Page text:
• 6.7.16

    Herring & Herring Find Freedom in Fashion

    The last few times we’ve checked in with photography duo Herring & Herring, they were shooting celebrity portraiture that was full of bright pops of color and high energy. They were the results of a recent type of creative exploration for them. Before these forays, they built their career creating fashion imagery that transcends icon and communicates with pure aesthetic. Then, this past month they got the chance to shoot an editorial, ‘The Stranger,’ for Dazed & Confused Korea and Dimitri Scheblanov and Jesper Carlsen jumped right at it. “This is us coming back to our roots,” Jesper explains. “The portraiture shoots that we’ve been doing are in there as well but it feels more relaxed that’s for sure.” When they’re working with fashion models there’s a different kind of energy. They work together to create a compositional goal rather than trying to tell a story about a character. “In this process you’re not working with another strong personality or ego who might be comfortable or not comfortable following a particular direction, you’re working with someone that’s made to be malleable,” Dimitri explains. Mina Cvetkovic, their model, became a partner to help them achieve their collective goal.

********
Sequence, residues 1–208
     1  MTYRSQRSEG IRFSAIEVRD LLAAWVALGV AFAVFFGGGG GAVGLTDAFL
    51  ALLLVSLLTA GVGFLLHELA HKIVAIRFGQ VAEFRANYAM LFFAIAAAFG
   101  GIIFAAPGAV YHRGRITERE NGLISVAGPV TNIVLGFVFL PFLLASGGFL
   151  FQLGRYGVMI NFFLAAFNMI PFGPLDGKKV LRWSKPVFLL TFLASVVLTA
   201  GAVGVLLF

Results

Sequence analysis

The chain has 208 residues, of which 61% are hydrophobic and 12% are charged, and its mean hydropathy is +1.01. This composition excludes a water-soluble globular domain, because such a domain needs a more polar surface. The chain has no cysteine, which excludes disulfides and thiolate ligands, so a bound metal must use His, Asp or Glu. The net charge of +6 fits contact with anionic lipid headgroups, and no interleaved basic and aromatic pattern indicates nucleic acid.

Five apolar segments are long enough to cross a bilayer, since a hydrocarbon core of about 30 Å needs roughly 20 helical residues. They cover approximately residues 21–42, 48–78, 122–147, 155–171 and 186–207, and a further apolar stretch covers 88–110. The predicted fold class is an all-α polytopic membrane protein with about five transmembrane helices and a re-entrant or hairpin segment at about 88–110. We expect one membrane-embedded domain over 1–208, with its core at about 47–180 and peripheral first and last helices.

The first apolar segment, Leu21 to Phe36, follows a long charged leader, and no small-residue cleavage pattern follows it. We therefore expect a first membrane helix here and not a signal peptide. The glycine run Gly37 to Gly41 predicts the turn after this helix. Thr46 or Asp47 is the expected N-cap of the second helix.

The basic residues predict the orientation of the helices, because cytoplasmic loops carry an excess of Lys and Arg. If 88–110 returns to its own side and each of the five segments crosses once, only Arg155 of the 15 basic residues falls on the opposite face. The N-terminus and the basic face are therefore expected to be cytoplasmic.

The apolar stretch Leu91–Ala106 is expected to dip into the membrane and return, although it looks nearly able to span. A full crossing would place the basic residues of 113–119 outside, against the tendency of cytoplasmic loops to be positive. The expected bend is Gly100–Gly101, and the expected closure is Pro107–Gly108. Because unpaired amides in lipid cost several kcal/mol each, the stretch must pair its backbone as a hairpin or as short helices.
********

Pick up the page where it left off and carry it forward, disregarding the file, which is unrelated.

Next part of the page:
The concept of the shoot is found clearly in the images, but they also worked with a Amy Lowles from The New Cast to help communicate what can sometimes be minimized inside of the borders of a composed photograph by creating a video. For them it was about exploding that concept into something much larger than we might see on the frozen pages of a magazine. “What the video did was pick up on some of the elements that are harder to record in a still picture,” explains Dimitri. “The video picks up and follows that mood that might be set within the space that we’re shooting but can be hard to bring across in a single image. The video does that well in capturing that kind of other mood that’s hard to see in a still.” Using music and an almost balletic movement, we get more of what Herring & Herring imagined than what the confines of photography can offer us.

    For Herring & Herring the whole process is sort of an experiment in creative exploration. As they’ve taken these last couple years to play around and find what works best for them they’ve discovered a creative freedom that they’re not going to let go. They’ve found what they love to do and that’s what matters. “Let’s just stick to that and we’ll shoot it and not really care about anything else,” Dimitri says with a laugh.

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